The Los Angeles County Business Federation, or BizFed, issued a statement last week also opposing a mask-wearing mandate, saying it will put undue burden on small businesses that will have to enforce the requirement.
A decision on whether to impose a new mask mandate was expected to occur Thursday, with hospital numbers the deciding factor.
Ferrer has said that if the county remains in the "high" virus- activity level as defined by the U.S. Centers for Disease Control and Prevention for two consecutive weeks, the mask mandate would be re-imposed. The county is set to reach that two-week mark on Thursday, meaning the mandate would take effect Friday.
Los Angeles County moved into the CDC's "high" level of COVID-19 community activity earlier this month, when the average daily rate of virus- related hospital admissions rose to 10.5 per 100,000 residents, surpassing the threshold of 10 per 100,000. On Thursday, Ferrer said the admission rate over the past week rose to 11.4 per 100,000.
Steve Farzam, Chief Operating Officer at 911 COVID Testing, said record breaking rates of transmissions in Los Angeles County has prompted its medical director to elevate the readiness level to a full tactical alert to accommodate the rising testing demand resulting from the resurgence of new COVID cases.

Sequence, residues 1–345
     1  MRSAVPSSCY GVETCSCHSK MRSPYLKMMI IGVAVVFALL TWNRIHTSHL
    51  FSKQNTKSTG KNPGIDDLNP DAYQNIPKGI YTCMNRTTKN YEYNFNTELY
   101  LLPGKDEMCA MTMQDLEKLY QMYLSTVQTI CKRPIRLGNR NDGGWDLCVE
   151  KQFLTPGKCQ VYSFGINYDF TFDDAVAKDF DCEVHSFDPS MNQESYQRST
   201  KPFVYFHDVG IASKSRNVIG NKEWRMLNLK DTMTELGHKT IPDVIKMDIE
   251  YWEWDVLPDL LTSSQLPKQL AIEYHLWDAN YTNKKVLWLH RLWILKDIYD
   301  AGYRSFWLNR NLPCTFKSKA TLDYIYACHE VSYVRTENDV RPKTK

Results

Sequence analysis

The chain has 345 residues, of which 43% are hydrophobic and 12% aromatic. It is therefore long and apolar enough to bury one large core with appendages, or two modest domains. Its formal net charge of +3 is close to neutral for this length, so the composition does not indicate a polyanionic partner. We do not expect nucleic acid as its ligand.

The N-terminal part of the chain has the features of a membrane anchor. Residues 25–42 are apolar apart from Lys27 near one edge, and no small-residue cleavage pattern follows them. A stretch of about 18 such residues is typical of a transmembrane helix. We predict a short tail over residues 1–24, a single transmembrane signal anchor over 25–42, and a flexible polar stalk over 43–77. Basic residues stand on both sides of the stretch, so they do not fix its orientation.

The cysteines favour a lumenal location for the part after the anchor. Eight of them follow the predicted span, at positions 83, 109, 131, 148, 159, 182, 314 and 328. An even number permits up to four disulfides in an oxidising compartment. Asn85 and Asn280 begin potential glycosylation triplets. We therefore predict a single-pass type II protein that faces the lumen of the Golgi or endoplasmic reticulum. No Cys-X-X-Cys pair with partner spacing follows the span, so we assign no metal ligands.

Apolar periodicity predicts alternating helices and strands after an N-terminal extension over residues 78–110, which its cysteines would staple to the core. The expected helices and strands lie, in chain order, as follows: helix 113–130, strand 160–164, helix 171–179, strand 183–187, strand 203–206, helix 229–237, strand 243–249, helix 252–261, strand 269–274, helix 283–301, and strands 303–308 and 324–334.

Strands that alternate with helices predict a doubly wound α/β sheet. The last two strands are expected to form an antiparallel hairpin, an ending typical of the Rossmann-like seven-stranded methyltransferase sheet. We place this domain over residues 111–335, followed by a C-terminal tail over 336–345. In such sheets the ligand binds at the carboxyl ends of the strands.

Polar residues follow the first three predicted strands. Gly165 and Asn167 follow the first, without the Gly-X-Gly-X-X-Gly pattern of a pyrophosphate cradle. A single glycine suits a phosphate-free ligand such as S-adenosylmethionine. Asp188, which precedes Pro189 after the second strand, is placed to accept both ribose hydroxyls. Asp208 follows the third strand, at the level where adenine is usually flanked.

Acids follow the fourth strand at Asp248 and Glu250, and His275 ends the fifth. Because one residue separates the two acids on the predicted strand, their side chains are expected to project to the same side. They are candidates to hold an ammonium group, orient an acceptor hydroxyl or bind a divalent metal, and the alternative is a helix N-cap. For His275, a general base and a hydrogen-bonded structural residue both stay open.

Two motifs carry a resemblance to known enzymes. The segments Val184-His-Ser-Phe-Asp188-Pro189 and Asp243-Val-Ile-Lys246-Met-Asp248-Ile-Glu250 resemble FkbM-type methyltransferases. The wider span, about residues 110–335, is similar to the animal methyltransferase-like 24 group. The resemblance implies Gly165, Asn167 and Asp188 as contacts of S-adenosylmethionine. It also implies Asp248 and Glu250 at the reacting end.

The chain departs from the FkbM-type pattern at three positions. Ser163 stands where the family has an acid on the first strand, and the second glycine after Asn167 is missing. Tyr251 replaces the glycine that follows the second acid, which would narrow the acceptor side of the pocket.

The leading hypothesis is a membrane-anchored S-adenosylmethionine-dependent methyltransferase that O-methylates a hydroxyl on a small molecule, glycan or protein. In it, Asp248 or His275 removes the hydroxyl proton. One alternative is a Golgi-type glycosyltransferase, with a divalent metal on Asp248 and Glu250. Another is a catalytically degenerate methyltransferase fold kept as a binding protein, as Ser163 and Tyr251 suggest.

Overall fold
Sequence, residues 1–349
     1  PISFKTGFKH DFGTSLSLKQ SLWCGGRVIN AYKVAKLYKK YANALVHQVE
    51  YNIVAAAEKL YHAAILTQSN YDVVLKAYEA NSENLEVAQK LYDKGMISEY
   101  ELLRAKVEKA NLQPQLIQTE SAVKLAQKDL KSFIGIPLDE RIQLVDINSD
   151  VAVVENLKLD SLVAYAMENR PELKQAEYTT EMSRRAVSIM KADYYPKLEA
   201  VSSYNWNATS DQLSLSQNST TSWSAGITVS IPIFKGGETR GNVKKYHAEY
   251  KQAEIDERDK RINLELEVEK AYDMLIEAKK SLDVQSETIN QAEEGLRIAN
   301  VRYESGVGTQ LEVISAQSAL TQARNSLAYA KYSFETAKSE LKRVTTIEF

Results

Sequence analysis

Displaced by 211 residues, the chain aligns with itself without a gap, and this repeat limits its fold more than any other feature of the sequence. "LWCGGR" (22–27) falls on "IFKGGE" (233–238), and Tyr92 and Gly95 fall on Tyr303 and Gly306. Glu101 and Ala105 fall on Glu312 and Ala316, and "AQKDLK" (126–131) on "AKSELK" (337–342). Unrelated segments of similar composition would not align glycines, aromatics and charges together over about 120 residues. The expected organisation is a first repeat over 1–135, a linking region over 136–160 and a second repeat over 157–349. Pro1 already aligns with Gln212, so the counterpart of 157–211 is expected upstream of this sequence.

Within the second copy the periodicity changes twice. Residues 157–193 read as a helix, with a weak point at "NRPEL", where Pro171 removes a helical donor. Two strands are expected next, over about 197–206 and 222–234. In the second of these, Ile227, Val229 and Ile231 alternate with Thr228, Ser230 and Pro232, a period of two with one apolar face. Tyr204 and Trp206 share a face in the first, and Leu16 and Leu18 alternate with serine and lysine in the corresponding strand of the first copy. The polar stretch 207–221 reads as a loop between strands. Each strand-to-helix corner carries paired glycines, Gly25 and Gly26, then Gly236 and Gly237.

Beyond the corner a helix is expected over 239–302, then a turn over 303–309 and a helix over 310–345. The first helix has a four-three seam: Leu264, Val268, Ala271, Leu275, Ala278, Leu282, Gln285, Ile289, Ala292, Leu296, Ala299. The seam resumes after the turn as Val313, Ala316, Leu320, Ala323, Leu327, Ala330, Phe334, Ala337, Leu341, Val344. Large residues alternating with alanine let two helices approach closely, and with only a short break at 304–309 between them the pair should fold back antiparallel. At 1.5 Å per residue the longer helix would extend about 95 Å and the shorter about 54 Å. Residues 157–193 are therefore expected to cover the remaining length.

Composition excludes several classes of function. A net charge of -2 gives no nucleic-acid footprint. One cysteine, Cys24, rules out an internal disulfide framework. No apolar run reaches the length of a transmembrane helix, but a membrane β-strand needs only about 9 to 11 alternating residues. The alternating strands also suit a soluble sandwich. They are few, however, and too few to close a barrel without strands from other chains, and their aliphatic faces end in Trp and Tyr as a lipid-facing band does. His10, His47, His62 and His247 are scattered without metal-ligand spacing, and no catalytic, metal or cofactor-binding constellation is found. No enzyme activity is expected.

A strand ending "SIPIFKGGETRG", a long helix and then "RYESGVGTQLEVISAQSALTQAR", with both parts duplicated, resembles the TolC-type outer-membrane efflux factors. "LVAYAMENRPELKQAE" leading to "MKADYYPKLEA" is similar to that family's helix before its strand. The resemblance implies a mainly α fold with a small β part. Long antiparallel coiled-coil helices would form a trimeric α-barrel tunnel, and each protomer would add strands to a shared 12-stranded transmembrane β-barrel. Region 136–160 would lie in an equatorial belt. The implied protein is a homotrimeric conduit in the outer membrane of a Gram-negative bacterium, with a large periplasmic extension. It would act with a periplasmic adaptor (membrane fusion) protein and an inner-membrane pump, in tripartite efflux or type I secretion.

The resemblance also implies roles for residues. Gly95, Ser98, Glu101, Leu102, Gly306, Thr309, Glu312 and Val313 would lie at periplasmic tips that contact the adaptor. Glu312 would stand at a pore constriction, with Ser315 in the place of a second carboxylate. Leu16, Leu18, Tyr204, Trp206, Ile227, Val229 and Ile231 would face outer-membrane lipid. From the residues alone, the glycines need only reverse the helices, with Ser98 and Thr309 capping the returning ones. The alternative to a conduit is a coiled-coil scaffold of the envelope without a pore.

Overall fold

"The decision to modify our tactical alert from low to high is directly related to the surge in new cases to preempt the devastating effects of this past December's surge," Farzam said.
Nearly 400 Transportation Security Administration workers and staff at Los Angeles International Airport have recently tested positive for COVID and it is affecting how many LAX employees are available to work.
As infection rates continue to increase across Los Angeles, Steve Farzam, Chief Operating Officer, said he urges the public to exercise caution by not falling prey to complacency, "with immunity waning coupled with the controversy of masking requirements, we're experiencing an influx of infection rates and have consequently had to adjust our capacity to accommodate the high demand for testing."
On Friday, however, the county saw a sharp drop in the number of COVID-positive patients hospitalized in the county, with the figure dropping by about 80 people to reach 1,247. The number fell again on Saturday to an even 1,200. Updated figures were not immediately available on Monday.